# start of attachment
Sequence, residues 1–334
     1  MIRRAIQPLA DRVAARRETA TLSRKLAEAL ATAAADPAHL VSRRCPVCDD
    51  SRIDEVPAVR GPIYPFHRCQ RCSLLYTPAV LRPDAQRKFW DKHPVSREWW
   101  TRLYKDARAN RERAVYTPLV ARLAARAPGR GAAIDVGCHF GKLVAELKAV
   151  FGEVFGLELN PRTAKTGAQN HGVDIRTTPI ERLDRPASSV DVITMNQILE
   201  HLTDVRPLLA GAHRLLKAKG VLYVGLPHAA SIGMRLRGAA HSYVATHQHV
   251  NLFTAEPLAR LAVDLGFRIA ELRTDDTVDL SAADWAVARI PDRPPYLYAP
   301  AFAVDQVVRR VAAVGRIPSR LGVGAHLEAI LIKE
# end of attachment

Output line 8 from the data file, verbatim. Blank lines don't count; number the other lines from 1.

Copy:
   301  AFAVDQVVRR VAAVGRIPSR LGVGAHLEAI LIKE